Let's say I have a set of points $\{(x_0,y_0),\ldots,(x_n,y_n)\}$. Does there exist some function $f$ so that $f(x_i) = y_i$? If so, how can I prove that for any arbitrary set of points there exists some function to connect it? Furthermore, how do I find this function?

(By a function, I really mean something along the lines of an equation, akin to that of $y=\text{blah blah blah } x \text{ blah}$ [a function of y].)

My current proof lays like this: Suppose that there is some function $f^\prime$ so that $mf^\prime(x_j-a)+b=y_j$; then, by transposition, we can set our function $f$ as such: $$f=\frac{f^\prime(x+a)-b}{k}.$$

I guess it boils down to the fact that if this function $f$ has some parent function $p[f]$, then all that needs to be done is modify $p(f)$ so that it becomes $f$.

Application: is there a function that passes through all of the points in the following set? $$\{(0,100),(1,0),(2,30),(3,-340),(4,1034.5)\}$$

My guess is that it would be harder to prove/impossible to prove if $\exists x_i\exists y_i\neg\exists(p,q)\in\mathbb{Z}^2\left[x_i=\frac pq\vee y_i=\frac pq\right]$ (i.e. if $x_i$ or $y_i$ is irrational).

Any help is appreciated!

  • $\begingroup$ i think the problem needs more constraints. Simply define a function to take the values as prescribed for r$x_i$ and zero elsewhere. Done. $\endgroup$ – Mark Joshi Jun 11 '15 at 21:08

I think you meant to assume that each of the $x_i$'s are distinct, because otherwise there is clearly no function that will work. I also think that you want to find a continuous function.

With that assumption, there are many functions $f$ such that $f(x_i)=y_i$. The simplest way to construct such a function is to order the points so that $x_0 < x_1 < \dots < x_n$, construct a linear function $f_i$ defined on $[x_{i-1},x_i]$ with $f_i(x_{i-1})=y_{i-1}$ and $f_i(x_i)=y_i$, and then define the function $f$ to be piecewise linear, with $f(x) = f_i(x)$ if $x\in[x_{i-1},x_i]$. The $f_i$ functions don't need to be linear; it's just easy to write down what they are in that case, something like $$ f_i(x) = \frac{y_i-y_{i-1}}{x_i-x_{i-1}}(x-x_{i-1}) + y_{i-1}. $$

If you want $f$ to be a polynomial, you should check out Lagrange interpolation.

I see at the end of your question that you asked about what might happen if the set of points $(x_i,y_i)$ is (countably) infinite. In that case, all bets are off -- every method of interpolation between points relies crucially on the assumption that there are finitely many points to interpolate between, and indeed, there are sets of points with no continuous interpolant, such as $$ \{(r,0)\,:\,r\in\mathbb Q \land r<\sqrt 2\}\cup\{(r,1)\,:\,r\in\mathbb Q \land r>\sqrt 2\}. $$

Per the OP's request, some information about Lagrange interpolation.

Lagrange Interpolation

What we would like to do is find a polynomial $f$ such that $f(x_i)=y_i$. Here's the brilliant idea behind Lagrange interpolation: let's solve the easier problem of finding, for each $i$, a polynomial $f_i$ such that $$ f_i(x_j) = \begin{cases} 1 &\text{if $i=j$} \\ 0 &\text{if $i\neq j$}. \end{cases} $$ Suppose for the moment that we have solved this simple problem. We can now construct the polynomial $f$ as the following weighted sum: $$ f(x) = \sum_{i=0}^n y_i f_i(x). $$ Why does this work, and assuming it does, how can we find $f_i$?

If we plug in $x_j$ into $f(x)$, every term except the $j$th one will be zero because that was how we defined $f_i(x_j)$. And the $j$th term is $y_jf_j(x_j) = y_j\cdot 1 = y_j$. So $f(x_j)=y_j$, which is what we wanted.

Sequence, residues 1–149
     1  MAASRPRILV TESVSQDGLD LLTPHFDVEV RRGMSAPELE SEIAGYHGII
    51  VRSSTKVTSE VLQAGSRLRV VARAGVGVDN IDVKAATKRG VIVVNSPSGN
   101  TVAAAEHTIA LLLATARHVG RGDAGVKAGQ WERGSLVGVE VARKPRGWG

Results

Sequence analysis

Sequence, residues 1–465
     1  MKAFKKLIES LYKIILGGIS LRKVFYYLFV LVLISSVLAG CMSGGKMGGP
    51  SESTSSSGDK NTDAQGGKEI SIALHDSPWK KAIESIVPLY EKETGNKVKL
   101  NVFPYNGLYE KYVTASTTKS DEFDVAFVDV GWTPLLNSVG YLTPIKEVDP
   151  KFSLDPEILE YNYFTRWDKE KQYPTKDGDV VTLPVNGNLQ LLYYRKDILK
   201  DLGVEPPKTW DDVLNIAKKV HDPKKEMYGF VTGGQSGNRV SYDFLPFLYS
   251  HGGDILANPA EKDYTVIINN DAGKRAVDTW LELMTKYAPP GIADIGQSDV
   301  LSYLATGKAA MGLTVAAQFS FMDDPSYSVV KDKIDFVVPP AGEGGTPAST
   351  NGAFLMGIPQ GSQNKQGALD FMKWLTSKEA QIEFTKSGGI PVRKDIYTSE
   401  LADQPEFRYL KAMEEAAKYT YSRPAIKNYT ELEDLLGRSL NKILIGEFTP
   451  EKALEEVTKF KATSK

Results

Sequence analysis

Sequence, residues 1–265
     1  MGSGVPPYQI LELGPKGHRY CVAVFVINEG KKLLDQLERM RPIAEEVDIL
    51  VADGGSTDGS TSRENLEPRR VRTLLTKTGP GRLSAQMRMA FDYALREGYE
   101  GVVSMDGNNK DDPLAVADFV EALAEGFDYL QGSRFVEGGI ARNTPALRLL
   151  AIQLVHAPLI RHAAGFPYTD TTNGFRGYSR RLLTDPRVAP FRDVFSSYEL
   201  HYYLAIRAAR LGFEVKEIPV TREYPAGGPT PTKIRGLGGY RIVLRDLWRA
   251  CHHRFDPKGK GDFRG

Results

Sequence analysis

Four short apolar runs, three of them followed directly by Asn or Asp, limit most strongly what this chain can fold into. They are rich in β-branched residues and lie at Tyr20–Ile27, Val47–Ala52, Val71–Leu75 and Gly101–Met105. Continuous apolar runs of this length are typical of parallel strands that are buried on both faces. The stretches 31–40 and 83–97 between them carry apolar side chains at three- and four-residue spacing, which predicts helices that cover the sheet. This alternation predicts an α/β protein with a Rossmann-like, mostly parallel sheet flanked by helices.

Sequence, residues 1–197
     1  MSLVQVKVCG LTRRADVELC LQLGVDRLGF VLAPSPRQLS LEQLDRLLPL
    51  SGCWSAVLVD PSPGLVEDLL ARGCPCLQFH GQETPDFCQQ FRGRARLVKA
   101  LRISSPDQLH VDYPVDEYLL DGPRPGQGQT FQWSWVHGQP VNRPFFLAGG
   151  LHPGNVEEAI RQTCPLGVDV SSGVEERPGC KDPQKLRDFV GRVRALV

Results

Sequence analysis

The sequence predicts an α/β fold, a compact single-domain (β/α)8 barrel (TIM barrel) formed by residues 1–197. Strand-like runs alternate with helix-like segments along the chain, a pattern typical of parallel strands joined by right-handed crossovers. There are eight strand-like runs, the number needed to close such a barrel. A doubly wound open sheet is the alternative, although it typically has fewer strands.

Next, how can we find $f_i$? Saying that $f_i(x_j)=0$ for $i\neq j$ means that each $x_j$ with $i\neq j$ is a root of $f_i(x)$. So a good guess for $f_i$ would be something like $$ f_i(x) = A\cdot(x-x_0)(x-x_1)\dots(x-x_{i-1})(x-x_{i+1})\dots(x-x_n) = A\cdot\prod_{j\neq i}(x-x_j), $$ where $A$ is a constant that we're free to choose. (The product notation means that for every $j$ such that $j\neq i$ [between $0$ and $n$, of course] we take a factor $x-x_j$, and then multiply them all together.)

This function has the property that $f_i(x_j)=0$ for $i\neq j$, but if $i=j$ then $$ f_i(x) = A\cdot\prod_{j\neq i}(x_i-x_j). $$ Since we want that $f_i(x_i)=1$, let's just pick $A$ to make it hold: $$ A = \prod_{j\neq i}\frac{1}{x_i-x_j} = \frac{1}{(x_i-x_0)(x_i-x_1)\dots(x_i-x_{i-1})(x_i-x_{i+1})\dots(x_i-x_n)}. $$ This is the part where we need to assume that the $x_j$'s are distinct; otherwise, we might be dividing by zero.

Putting everything together, we get that $f_i$ is $$ f_i(x) = \prod_{j\neq i} \frac{x-x_j}{x_i-x_j} $$ and hence that $f$ is $$ f(x) = \sum_{i=0}^n y_i\cdot\prod_{j\neq i} \frac{x-x_j}{x_i-x_j}. $$ This is a polynomial that interpolates between the given points, although as you noticed, its form is rather complicated.

  • $\begingroup$ If I understand, I need to clarify my question; I was looking for some function that can be written as something like $f(x)=\ldots$, not as a piecewise/recursive function. (Is there a name for that type of function? An eqaution, perhaps?) $\endgroup$ – Conor O'Brien Jun 11 '15 at 21:09
  • $\begingroup$ Oh, I see. In that case, you should probably look into Lagrange interpolation. Would you like me to say more about it, or is the Wikipedia page I linked to clear enough? $\endgroup$ – user134824 Jun 11 '15 at 21:10
  • $\begingroup$ The wikipedia page seems to be a lot of murk. I'd love it if you could explain to me what it is to me, a (more or less) beginner. $\endgroup$ – Conor O'Brien Jun 11 '15 at 21:12
  • $\begingroup$ Okay. Give me a few moments. $\endgroup$ – user134824 Jun 11 '15 at 21:12
  • $\begingroup$ By the way, did you have any specific application or context for this question when you asked it? Interpolation is a very general problem, and there might be another interpolation method that is more useful to you. $\endgroup$ – user134824 Jun 11 '15 at 21:33

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